Saturday, September 08, 2007

...and his lovely wife

I've been reading Connie Schultz's book about her campaign adventures with her husband, Sherrod Brown. I felt a kinship with Connie. Like her, I was a divorced single mother for many years, who remarried in her mid-forties to the love of her life. I'm a member of the United Church of Christ. She's close to my age. She's a feminist who believes that women ought to have choices, even a choice to stay at home. So am I. I'm a Democrat, and I voted for Senator Brown. We're both Ohioans.

There are a few differences between us, though. I will never be a Pulitzer-Prize winning journalist. I will never be a politician's wife, although I sympathize with the anonymity she discovered once they hit the campaign trail.

I found her book very enlightening, entertaining, and touching. Stories about her mother and father and how they shaped her life were sprinkled throughout the book, and she talked about the values they helped develop and that she shares with Senator Brown.

I took exception to one paragraph in the book, though. She was discussing her childhood in Ashtabula, Ohio. She said "Small towns seem to grow two kinds of kids: those who can't imagine leaving, and those who can't imagine staying. I was the latter...It was the land of limitations to me, the place where the big dreams of childhood were crushed under the weight of grow-up life. As in most small towns, many of the kids in my high school were afraid to leave. I was afraid not to. "

Ms. Shultz missed a third kind of kid - kids like me. Kids like Dorothy Gale, who dreamed of travelling over the rainbow, and actually did it. They went to Oz, had a lot of adventures, and made new friends along the way. The whole time though, they knew: There's no place like home. That's what happened to me - I've lived in Manhattan, I've lived in Spain, I've lived in Detroit. I was successful in those places, and made lots of friends. One thing I learned, people are pretty much the same all over, and it's the people you meet and the people you seek out that make a big difference in your life. But there's no place like home. Home is where my family is, and home is where my traditions are.

(It might help to sing a few bars now of Buffy St. Marie's I'm gonna be a country girl again...)

I've wandered in the hearts of men looking for the sign
But here I might learn happiness, I might learn peace of mind
The one who taught my lessons was the soft winds through the pine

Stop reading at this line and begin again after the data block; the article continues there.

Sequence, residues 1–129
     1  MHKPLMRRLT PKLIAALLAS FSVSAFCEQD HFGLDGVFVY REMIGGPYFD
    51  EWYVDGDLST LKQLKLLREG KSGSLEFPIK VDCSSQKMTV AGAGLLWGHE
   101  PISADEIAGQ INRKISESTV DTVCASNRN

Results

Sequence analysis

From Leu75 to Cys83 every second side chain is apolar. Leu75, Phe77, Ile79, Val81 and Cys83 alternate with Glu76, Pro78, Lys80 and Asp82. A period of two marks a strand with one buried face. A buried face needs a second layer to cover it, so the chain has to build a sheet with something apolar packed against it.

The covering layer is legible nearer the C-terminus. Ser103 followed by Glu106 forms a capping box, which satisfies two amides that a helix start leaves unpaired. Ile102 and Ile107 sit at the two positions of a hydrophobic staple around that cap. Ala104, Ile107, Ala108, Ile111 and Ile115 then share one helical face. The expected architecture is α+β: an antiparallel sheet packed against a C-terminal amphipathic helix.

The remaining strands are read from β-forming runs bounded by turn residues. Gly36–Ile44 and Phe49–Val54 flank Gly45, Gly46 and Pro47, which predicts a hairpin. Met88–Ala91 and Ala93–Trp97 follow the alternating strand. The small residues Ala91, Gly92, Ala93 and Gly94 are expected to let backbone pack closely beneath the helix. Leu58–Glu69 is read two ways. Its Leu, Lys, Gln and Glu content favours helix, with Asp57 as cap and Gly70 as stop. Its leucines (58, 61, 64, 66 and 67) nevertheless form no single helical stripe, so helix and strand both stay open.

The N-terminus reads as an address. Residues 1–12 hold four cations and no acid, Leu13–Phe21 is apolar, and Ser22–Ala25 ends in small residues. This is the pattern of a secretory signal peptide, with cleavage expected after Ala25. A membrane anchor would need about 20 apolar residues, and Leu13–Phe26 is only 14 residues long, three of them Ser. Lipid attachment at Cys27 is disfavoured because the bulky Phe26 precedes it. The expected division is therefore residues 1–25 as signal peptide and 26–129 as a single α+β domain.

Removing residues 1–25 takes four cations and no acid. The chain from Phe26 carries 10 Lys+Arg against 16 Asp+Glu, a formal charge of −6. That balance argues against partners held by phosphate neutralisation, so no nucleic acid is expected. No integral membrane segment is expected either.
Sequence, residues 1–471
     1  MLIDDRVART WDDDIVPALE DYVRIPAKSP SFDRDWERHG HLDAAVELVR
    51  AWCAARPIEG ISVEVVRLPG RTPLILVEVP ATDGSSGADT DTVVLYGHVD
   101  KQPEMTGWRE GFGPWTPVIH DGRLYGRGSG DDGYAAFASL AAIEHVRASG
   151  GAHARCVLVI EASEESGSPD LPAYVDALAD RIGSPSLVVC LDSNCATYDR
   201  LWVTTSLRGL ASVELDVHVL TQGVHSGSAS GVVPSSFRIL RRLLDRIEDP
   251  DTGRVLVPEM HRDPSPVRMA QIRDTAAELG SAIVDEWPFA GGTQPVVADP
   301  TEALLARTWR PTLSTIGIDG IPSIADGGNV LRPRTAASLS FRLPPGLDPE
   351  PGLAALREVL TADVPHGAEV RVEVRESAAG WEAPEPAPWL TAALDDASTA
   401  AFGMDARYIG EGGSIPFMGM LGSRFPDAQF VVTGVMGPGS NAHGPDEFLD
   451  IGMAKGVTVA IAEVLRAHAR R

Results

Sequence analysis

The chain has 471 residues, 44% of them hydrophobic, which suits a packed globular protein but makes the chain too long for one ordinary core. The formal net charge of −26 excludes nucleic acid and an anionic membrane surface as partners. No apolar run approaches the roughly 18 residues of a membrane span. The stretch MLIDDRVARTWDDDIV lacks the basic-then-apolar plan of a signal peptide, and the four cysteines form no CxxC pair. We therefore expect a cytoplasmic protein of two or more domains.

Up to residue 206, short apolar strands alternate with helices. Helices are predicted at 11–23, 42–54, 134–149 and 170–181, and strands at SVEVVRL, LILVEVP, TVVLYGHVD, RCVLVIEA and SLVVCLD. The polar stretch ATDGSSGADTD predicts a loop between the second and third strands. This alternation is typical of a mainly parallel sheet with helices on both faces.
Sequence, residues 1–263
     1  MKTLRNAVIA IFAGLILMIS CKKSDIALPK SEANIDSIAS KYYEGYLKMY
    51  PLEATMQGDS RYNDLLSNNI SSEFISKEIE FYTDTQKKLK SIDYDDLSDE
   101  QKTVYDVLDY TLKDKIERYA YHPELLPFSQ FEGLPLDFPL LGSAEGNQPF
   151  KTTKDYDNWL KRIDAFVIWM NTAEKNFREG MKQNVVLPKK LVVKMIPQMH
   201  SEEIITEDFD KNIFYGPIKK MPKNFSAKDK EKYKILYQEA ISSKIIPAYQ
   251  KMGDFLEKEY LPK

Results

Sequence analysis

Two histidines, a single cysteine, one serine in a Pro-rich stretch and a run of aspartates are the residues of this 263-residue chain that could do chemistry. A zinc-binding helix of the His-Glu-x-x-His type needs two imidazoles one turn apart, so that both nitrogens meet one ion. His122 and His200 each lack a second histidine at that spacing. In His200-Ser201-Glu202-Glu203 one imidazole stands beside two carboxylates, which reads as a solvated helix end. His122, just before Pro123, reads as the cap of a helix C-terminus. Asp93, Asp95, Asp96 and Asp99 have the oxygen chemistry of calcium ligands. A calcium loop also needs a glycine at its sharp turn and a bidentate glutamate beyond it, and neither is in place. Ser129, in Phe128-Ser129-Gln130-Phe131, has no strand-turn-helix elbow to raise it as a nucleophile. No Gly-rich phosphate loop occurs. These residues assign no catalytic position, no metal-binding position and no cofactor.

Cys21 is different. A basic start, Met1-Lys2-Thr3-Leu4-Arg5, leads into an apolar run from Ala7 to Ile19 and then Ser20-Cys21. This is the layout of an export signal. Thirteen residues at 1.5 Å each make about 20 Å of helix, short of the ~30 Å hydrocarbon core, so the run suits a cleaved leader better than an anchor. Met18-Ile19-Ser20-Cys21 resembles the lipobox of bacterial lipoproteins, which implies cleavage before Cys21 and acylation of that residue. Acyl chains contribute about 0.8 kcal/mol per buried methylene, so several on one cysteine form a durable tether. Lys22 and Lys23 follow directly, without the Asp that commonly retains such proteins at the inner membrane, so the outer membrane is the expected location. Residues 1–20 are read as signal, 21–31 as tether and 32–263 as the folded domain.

And I'm gonna be a country girl again

Oh yes I'm gonna be a country girl again
With an old brown dog and a big front porch
And rabbits in a pen
I tell you, all the lights on Broadway
Don't amount to an acre of green,
And I'm gonna be a country girl again

I know people like Ms. Schultz - most of my friends from high school are now all over the globe. They're scattered to Kentucky, Maine, Texas, California, Venezuela, and Japan. I have a close relative in Florida who took off for Puerto Rico while in her twenties and won't come back, even though it might be to her advantage. My own sister has travelled from Texas to California to Detroit to Pennsylvania to New Mexico. At least she's come back to Ohio, albeit it's Columbus.

I also know people like the other ones she described - those who never left home, maybe because of fear. I remember one friend from an even smaller town telling me - "at least you got out. I'll never get out." She was referring to the fact that I had moved 7 miles away! I can't imagine what she thought was trapping her in her small town. Money? The rents aren't all that different. Family? I don't know all the circumstances, but I can't imagine that her family was keeping her from moving to the next town.

I have lamented the "brain drain" out of this part of Ohio for a long time - since I realized my friends weren't coming back. There aren't enough career-enhancing jobs here to keep our best and brightest here. Even now, when we look for potential employees at work, we have to advertise in Cleveland, Columbus, and Toledo and further afield to get candidates. The available qualified people have left town. The ones who are working here are afraid to take big risky career moves, just because of the lack of other opportunities here. We have great quality of life here, and the cost of living is one of the lowest in the US. We have no traffic jams, and we're just a smidge over an hour away from cultural opportunities in Columbus and Cleveland. (I spent an hour and a half commuting every single day when I lived in Manhattan...) So it's mostly the career opportunities.

So, Sherrod, I hope you are working on improving the employment opportunities here in North Central Ohio for our best and brightest kids! I hope you are working on improving the education of those kids so they can succeed here when we do get those jobs back. I know you're working on it - I googled this quote from the American Chronicle:

Even Sen. Sherrod Brown, D-Ohio, said that in his state, which struggles with high unemployment, business owners have told him "they just could not find the engineers or computer scientists they needed to run their business." Of course their answer appears to be: "Just put a Want Ad in the New Delhi Times"and we'll get plenty of response."

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